In addition to getting annoyed with the pace group, I felt like I was getting too tired period and needed to readjust. Around mile 8 my legs started to feel more exhausted than I thought they should be at that point in the race, which was worrisome to me. Around the same time I looked into the crowd and saw a sign that said, “Only 18.2 more miles to go!” Worst. Fan. Sign. Ever. I felt deflated and immediately tried to put that sign out of my mind and focus on running the mile I was in. So by mile 10, I left the pace group and ran on my own. At that point, I slowed from about an 8:35 to and 8:45 pace, watching the 3:45 pacing sign slowly fade into the distance along with my dream of running a Boston Qualifying time yesterday.
I crossed the half at 1:53 and although I expected to slow in the second half, I hoped that I could hold on for the sub-four hour finish. I spent the next two hours trying to swat away all of the negative thoughts that would frequently pop up and try to distract me from that task. My coach will be disappointed in me for not running 3:45. I’m a failure of an athlete. I don’t want this enough. I should be skiing this weekend. What’s the point? I don’t belong here. I want to quit. Instead I tried to think of the people back home that I knew would be tracking me and cheering for me, and I tried to channel some of their good energy and support. I tried to keep my head up high and maintain good form. I tried to remember that others around me hurt just as much as I did and that we were all suffering together. I would speed up for a bit, and then slow down. I would walk through the aid stations for water and/or Gatorade, and every time it got harder and harder to start again. But I did start again, each time.
I passed the mile 20 mark at 3:00 hours and told myself that I could run just under a one hour 10k and sub four-hour marathon. I tried to use all of the mental tricks I could think of to get my legs moving faster, as I know I can run a barely sub-one hour 10K, even on tired legs, but the dreaded marathon fade kept taking me down. Somewhere around mile 23 or 24, the 4:00 hour pace group passed me and I felt another wave of disappointment. Since they had started in a corral a few minutes behind me, I knew that meant my time would be over four hours.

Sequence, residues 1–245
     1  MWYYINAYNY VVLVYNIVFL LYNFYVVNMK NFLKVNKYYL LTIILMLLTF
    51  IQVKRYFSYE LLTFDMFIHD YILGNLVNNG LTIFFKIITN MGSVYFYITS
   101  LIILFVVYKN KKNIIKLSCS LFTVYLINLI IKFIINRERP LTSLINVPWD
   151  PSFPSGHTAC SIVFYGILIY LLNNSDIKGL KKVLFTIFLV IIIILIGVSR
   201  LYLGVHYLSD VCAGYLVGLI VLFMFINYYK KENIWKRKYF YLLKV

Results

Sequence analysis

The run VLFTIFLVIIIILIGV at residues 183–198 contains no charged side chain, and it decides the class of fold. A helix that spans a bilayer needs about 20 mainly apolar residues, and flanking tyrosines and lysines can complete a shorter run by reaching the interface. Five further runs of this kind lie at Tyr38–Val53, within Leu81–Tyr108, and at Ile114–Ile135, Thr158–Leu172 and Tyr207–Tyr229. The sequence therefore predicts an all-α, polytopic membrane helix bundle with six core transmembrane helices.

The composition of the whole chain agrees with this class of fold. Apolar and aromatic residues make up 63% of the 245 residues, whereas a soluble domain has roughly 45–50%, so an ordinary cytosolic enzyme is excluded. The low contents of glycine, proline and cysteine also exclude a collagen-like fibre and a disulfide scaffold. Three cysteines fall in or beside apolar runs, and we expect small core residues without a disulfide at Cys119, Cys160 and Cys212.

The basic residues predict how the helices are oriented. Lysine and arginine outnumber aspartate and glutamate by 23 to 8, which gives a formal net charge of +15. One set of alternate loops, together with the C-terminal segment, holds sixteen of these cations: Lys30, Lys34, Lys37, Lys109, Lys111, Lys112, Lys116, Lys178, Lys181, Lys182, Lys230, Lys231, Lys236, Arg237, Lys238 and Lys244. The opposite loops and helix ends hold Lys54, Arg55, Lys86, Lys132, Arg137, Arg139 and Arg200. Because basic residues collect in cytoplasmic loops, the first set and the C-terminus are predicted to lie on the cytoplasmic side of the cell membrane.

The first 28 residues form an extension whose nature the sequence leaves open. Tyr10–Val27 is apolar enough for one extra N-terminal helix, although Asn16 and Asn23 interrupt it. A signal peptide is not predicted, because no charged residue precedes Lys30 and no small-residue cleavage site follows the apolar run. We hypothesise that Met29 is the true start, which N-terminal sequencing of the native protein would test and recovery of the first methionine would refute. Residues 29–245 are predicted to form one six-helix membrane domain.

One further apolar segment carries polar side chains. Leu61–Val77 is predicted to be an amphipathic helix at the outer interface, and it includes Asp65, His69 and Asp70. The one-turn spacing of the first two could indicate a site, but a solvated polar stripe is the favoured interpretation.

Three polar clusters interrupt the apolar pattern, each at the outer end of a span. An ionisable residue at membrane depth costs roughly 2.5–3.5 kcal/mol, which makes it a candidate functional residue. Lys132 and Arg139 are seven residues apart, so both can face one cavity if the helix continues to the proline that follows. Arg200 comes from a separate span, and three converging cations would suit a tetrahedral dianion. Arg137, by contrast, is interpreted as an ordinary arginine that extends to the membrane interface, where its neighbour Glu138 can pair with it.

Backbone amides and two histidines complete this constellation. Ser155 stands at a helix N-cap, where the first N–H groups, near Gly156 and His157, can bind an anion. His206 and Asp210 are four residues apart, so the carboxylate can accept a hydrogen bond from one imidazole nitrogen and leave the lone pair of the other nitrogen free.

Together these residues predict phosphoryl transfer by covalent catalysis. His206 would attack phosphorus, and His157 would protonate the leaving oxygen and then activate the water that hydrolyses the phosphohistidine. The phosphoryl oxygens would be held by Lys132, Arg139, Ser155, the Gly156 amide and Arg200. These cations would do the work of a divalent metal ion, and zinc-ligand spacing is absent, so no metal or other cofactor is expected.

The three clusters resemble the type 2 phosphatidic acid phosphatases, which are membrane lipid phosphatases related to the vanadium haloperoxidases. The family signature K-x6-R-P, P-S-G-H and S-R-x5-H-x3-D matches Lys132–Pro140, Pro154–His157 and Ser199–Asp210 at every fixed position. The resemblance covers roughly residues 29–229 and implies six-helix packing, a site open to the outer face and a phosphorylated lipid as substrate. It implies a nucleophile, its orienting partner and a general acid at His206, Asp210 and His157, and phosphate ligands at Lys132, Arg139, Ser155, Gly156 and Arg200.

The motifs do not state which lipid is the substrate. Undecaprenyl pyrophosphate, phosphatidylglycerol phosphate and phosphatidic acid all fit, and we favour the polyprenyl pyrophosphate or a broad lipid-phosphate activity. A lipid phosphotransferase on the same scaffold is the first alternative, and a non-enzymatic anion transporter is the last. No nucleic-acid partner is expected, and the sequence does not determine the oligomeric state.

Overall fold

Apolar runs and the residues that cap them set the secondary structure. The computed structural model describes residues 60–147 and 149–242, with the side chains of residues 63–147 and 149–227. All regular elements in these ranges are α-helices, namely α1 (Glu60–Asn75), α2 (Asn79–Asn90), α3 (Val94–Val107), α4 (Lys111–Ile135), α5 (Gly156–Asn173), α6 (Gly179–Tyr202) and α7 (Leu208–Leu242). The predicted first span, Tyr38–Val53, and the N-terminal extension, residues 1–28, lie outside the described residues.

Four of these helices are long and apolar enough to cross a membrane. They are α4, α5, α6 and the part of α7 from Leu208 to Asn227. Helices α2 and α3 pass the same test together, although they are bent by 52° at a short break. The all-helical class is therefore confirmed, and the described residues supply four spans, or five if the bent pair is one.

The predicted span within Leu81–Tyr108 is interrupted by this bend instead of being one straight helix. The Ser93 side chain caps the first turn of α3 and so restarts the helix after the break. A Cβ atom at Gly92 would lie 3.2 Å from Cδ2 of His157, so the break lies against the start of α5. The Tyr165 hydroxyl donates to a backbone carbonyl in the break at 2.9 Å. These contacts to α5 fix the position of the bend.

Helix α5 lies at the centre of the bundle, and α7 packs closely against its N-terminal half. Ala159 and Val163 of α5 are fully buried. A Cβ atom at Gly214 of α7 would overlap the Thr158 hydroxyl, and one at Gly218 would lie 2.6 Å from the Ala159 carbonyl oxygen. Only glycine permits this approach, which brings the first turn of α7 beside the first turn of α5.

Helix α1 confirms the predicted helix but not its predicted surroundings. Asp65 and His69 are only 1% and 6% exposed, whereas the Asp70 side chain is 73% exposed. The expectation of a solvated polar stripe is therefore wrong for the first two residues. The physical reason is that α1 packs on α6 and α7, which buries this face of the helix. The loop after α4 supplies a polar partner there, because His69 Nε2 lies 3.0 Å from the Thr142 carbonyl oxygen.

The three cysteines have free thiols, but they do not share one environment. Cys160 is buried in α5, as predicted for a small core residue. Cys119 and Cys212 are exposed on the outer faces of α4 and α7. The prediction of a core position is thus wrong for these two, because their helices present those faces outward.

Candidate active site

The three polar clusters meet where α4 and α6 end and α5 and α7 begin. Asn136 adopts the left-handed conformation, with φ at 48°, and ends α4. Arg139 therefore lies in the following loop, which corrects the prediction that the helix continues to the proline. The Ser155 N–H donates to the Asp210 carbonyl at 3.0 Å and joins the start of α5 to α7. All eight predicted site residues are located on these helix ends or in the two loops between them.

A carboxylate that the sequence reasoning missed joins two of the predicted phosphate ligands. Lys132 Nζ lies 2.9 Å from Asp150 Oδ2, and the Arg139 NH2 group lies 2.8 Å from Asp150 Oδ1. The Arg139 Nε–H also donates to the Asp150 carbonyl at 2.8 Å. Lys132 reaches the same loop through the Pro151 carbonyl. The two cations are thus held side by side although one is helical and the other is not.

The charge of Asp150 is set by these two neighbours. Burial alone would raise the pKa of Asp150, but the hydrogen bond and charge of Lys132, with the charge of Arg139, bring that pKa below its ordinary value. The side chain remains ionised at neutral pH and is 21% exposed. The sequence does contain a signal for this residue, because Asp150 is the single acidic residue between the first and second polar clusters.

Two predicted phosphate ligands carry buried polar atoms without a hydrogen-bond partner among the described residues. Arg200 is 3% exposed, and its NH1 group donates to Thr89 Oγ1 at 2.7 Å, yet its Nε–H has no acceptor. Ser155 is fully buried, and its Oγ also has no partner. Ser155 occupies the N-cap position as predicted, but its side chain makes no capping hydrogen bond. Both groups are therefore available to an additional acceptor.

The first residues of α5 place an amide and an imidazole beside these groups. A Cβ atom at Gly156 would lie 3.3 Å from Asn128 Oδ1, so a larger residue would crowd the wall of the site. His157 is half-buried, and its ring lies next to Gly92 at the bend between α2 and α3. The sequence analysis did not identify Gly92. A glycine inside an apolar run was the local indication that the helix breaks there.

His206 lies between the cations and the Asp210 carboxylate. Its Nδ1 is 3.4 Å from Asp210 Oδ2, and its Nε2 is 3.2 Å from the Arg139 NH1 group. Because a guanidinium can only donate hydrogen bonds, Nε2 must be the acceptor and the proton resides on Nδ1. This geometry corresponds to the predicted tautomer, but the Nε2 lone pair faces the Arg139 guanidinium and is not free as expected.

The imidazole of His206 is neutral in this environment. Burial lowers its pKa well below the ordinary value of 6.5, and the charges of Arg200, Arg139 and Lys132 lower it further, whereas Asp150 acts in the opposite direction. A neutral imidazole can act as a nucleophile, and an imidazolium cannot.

I fought to come in under 4:05 and ended up with a 4:04:06, an almost 26 minute marathon PR! Although I was hopeful I might run even better, I am happy with and proud of my run. I now have a starting point and a list of things to work on along with my coach for the next one. One of those things is mental fitness. I have been reading Matt Fitzgerald’s “How Bad Do You Want It?” and tried to as he says brace myself for how hard the race was going to be, but it had been so long since I had tackled the marathon distance that I think I had really forgotten how difficult it is. I also wish I had enjoyed the experience more. I tried to do that as much as possible, by noticing surroundings, thanking and high-fiving spectators, etc., but I think I spent a lot of the race not feeling well and therefore not enjoying it as much as I would like to enjoy a race. But how do you really “enjoy” an event where you are trying to push yourself to the max, or as Matt Fizgerald says, walk the hot coals? If anyone has tips on this, please let me know. Most of all, I am thankful that I am healthy and walking today, with soreness but no running related injuries. My hips, which have been an issue for me with my running for four years, feel great. After a little time for rest and recovery, I am looking forward to training with my running team again!